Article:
That said, we like new and shiny things in Las Vegas, and an Atari Hotel would certainly qualify.

Also, a retro brand could draw older guests with more disposable income. That mixture of middle-aged Asteroids fans and their “Call of Duty” offspring could end up being a magical and profitable combination for Atari.

We actually took 15 seconds to try and confirm our rumor Las Vegas is now the location for the first Atari Hotel, but we haven’t heard back.

While we won’t bet money on this project coming to fruition, we’re now actively rooting for it given Las Vegas could be the first Atari Hotel outpost.

12 thoughts on “Las Vegas Looking Like Site of First Atari Hotel


    While I am also happy to see new (real) things come to Vegas, I grew up an Atari kid, and I’m not sure I see the draw. Just because I’m gen X I’m supposed to want to stay at an Atari-themed hotel? I feel like my tastes have changed a tad since I was 12 years old. And modern gamers, most of them wouldn’t know Pong if it bit them on the ankle.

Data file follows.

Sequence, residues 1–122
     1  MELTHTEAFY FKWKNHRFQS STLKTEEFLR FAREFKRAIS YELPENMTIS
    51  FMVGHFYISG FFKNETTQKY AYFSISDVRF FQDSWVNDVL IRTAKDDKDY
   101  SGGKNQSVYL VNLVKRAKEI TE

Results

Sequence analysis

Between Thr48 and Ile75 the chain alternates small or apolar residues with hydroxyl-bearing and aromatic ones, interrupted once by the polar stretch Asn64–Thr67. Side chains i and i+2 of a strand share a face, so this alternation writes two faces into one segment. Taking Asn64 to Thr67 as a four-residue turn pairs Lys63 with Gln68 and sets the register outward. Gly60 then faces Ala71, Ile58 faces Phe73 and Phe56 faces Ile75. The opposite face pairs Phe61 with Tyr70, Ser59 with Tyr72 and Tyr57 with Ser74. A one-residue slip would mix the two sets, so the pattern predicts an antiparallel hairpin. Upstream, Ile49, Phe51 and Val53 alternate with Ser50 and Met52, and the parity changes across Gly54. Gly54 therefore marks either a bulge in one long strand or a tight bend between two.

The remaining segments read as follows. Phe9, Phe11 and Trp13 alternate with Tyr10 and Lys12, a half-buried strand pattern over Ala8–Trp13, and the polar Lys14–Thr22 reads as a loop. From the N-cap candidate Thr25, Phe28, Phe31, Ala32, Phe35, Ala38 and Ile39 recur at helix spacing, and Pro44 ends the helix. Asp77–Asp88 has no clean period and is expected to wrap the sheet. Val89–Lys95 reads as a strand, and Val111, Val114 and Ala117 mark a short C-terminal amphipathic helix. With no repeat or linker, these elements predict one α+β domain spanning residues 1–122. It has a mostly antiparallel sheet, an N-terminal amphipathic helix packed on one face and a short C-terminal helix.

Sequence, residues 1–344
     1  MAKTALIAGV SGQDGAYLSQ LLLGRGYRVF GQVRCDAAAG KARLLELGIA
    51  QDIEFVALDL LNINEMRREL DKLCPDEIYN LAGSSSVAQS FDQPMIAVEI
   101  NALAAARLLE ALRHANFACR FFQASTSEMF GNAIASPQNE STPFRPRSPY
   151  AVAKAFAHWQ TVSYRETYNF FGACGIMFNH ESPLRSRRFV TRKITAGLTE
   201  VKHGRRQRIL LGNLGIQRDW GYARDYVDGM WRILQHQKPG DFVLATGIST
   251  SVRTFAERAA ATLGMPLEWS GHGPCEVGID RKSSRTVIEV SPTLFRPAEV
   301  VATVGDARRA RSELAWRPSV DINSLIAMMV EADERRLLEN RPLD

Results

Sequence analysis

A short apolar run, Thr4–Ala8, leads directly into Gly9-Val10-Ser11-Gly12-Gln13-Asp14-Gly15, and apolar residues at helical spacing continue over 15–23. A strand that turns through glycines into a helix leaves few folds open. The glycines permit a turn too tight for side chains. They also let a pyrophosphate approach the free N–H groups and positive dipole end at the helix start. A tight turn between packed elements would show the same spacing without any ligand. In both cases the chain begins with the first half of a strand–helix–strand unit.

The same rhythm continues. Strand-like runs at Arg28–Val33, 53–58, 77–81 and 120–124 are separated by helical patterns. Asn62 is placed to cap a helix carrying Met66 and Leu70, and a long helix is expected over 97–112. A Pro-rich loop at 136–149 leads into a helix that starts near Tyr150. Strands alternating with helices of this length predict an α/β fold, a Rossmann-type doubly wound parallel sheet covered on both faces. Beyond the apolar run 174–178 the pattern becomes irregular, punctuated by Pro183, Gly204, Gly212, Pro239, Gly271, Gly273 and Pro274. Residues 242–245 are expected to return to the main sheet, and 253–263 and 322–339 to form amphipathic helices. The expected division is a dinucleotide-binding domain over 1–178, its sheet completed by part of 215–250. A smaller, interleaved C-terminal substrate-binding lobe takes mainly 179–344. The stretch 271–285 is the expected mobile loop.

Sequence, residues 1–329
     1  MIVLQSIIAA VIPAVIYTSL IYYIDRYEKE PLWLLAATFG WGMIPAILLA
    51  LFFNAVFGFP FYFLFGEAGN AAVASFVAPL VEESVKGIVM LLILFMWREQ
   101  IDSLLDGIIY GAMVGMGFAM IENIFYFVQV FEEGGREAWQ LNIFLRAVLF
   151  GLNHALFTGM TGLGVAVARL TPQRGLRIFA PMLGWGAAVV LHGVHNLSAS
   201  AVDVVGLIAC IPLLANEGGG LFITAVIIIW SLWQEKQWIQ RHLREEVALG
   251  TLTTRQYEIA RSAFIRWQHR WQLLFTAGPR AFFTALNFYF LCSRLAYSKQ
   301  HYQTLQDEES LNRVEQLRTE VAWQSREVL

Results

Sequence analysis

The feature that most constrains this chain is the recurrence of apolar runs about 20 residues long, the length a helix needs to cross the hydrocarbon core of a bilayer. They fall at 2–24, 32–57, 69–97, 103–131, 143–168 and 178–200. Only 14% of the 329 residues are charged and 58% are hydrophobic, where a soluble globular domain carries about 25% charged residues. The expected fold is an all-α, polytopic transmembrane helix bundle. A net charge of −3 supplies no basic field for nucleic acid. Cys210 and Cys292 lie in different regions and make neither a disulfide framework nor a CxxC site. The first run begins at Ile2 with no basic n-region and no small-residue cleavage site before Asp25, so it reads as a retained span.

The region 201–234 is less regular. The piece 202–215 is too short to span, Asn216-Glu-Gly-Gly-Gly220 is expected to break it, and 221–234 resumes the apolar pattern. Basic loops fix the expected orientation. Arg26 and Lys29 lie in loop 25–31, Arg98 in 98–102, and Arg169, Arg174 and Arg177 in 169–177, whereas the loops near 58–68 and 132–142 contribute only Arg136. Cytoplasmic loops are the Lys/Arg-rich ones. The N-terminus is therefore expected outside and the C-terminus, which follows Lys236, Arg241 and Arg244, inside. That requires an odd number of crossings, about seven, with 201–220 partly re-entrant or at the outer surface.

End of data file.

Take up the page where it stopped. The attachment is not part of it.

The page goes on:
This seems to me like one of those, “let’s throw this fairly bad idea out there in the media and see if sticks to enough walls to get financing”. Filing this one away with Bleutech and the Drew.

  2. Donkey K.

    Yeah, I don’t get it either. As a video game player of the ’80s, Atari was the name for the first half of the decade. Nintendo did well with its Donkey Kong and subsequent arcade machines, but it didn’t have the name brand recognition of Atari. The home gaming system was the most notable player in the game, and Atari was miles ahead of Intellivision, Colecovision and any other company that tried to get its foot in the door, until Nintendo created its first home gaming system. Atari had its 7800 technology, but Atari was MySpace, Nintendo was Facebook. Game, set and match.

    So, given the huge nostalgic value of Atari, and it’s prominence in the first half of the ’80s, it’s not a terrible idea, but why not license a nerd hotel to one of the modern platforms. I assume it’s cheaper to license Atari and its intellectual property.

    At the end of the day, it’s a marketing gimmick and a nostalgic decor. What’s Atari really known for? Pong, Asteroids, Centipede, Breakout and Tempest are probably the biggest games they actually developed. Oh boy, a Tempest-themed hotel room!